Curtis Muhammad's lifetime of organizing began in his hometown of McComb, Mississippi in 1961. He was 18-years-old and working with the Student Nonviolent Coordinating Committee (SNCC), a group of young civil rights activists that brought the movement directly into the lives of the poorest black farmers and laborers in the Deep South.
55 years later Muhammad’s passion for justice hasn’t dimmed.
This might come as a surprise: Many White and Black sports fans in 1964 despised Muhammad Ali after he announced his conversion to the Nation of Islam. White codes about Black athlete behavior were well-entrenched; Jackie Robinson and Joe Louis had both learned the lessons of the badass Jack Johnson of the early twentieth century: Speak quietly and do nothing to upset the racial status quo. Or leave the country.
New York City's Community Boards possess nothing in the way of real governing authority. When 52 out of the borough's 59 boards voted to reject Mayor Bill de Blasio’s new Mandatory Inclusionary Housing policy by March 2016, nothing happened. The unpopular policy was subsequently approved by City Council. A similar powerlessness is felt by Community Boards across the city, like in Chinatown, where a detailed Plan for Chinatown and the Surrounding Areas has fallen on deaf City ears.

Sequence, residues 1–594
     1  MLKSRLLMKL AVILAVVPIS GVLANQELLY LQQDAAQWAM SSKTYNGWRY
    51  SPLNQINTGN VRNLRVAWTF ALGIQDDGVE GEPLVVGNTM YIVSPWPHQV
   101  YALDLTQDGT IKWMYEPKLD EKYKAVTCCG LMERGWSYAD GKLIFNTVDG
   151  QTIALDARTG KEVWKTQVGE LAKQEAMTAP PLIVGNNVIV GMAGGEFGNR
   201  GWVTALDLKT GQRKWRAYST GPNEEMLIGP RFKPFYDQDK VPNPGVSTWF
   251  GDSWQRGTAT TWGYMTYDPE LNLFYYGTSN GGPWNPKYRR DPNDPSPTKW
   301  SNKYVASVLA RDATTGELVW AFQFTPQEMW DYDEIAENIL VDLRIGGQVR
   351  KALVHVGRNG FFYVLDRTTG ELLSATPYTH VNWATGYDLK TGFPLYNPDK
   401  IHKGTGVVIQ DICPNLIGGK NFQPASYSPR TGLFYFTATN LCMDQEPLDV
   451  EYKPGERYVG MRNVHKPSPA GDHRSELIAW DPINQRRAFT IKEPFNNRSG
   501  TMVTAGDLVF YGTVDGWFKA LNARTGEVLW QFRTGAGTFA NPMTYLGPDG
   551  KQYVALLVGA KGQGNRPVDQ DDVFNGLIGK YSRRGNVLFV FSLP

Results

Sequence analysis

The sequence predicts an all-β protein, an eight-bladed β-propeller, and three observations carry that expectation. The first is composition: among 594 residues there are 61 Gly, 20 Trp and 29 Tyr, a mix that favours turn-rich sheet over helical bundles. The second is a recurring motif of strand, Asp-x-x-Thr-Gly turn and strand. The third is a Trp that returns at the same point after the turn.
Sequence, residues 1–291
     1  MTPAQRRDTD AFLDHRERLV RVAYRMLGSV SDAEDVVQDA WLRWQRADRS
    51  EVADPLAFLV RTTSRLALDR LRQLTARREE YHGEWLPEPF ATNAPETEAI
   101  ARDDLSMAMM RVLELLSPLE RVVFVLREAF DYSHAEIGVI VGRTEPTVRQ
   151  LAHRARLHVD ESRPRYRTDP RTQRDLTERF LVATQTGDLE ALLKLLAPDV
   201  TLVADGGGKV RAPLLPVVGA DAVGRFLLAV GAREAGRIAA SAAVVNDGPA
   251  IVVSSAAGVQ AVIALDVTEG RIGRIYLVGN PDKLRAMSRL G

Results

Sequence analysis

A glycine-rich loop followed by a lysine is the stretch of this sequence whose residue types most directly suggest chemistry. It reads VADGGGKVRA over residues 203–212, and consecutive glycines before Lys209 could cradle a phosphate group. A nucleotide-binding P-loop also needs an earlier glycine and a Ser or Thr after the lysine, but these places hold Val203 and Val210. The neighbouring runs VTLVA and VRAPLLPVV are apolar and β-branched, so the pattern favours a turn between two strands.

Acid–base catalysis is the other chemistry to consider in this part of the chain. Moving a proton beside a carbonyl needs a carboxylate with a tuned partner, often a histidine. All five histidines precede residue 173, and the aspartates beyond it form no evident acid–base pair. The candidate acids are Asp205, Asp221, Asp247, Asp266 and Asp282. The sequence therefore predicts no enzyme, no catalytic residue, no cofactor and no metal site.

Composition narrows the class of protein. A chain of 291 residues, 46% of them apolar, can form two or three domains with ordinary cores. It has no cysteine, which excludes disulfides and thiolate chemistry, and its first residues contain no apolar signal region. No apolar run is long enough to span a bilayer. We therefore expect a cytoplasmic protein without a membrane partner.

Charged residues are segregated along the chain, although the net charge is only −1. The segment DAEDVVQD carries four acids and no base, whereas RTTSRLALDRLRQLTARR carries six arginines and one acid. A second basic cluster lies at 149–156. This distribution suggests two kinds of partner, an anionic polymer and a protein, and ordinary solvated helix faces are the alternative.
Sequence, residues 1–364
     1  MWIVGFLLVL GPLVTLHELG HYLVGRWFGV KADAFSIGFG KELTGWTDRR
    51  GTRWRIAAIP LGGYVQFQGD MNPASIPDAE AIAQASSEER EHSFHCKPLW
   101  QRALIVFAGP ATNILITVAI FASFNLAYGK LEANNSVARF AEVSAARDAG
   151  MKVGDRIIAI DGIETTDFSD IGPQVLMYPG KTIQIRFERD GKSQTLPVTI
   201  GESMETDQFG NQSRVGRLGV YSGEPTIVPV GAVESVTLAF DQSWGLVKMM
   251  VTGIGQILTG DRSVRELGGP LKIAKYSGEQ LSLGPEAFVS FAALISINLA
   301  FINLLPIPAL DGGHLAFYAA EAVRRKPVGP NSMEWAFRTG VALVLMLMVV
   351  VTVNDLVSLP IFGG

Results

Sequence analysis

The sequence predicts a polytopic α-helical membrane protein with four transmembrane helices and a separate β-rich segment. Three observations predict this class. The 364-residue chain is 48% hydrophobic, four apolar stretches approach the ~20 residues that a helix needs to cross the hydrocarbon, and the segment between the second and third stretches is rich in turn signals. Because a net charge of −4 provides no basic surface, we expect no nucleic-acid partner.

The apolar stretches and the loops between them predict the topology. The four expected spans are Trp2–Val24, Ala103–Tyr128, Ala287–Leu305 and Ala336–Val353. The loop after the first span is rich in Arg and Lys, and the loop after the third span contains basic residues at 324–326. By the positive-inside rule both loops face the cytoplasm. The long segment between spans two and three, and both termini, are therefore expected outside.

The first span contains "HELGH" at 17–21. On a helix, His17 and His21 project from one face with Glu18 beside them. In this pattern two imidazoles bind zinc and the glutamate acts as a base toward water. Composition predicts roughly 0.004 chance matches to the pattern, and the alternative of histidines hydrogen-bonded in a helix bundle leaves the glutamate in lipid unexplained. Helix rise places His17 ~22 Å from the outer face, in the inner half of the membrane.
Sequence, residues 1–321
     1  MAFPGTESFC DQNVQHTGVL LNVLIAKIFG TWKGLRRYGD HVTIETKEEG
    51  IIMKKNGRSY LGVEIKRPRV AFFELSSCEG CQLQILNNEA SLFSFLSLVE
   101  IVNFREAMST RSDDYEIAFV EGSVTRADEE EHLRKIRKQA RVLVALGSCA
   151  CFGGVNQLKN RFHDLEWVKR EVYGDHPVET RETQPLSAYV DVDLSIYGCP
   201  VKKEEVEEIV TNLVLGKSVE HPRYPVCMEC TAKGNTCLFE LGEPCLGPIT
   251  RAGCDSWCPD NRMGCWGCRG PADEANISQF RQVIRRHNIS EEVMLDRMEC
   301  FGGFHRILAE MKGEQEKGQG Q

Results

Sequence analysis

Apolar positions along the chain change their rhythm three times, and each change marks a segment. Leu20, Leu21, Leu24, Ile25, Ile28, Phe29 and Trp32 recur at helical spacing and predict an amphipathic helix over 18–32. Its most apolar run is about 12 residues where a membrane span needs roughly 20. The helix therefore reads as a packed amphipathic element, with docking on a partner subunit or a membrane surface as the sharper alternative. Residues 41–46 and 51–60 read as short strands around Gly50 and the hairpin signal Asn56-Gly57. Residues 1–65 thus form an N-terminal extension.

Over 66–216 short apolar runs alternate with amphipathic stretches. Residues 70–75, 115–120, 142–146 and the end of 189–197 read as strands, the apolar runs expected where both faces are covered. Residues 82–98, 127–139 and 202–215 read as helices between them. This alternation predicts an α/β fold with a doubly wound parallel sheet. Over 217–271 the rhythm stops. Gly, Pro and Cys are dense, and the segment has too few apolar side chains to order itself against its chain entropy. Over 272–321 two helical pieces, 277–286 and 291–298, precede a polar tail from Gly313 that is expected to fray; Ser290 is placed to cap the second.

You’re dying. Everything about you is dying; your whiteness, your mythology, your future and your power. Now, you’re panicking. I see you at Trump rallies, pumping fists, yelling, “U.S.A.!” and “We’re going to take our country back!” But we both know the truth. You lost this country and you’re never getting it back.
Elections in the New York City's United Federation of Teachers (UFT) have revealed a growing challenge to the union leadership from rank-and-file teachers demanding a more militant stance against corporate education reform.
As Bernie Sanders launched a campaign blitz in California on Monday ahead of the state's June 7 primary, his presidential rival Hillary Clinton found herself cancelling appearancesin New Jersey to catch up with him.
The following obituary forHedyEpstein was sent to us by Dianne Lee. Epstein was a friend and mentor to us atMondoweiss, and she will be sorely missed.
Holocaust survivor Hedy Epstein, 91, died at her home in St. Louis, Missouri, USA, on May 26, 2016. An internationally renowned, respected and admired advocate for human and civil rights, Hedy was encircled by friends who lovingly cared for her at home.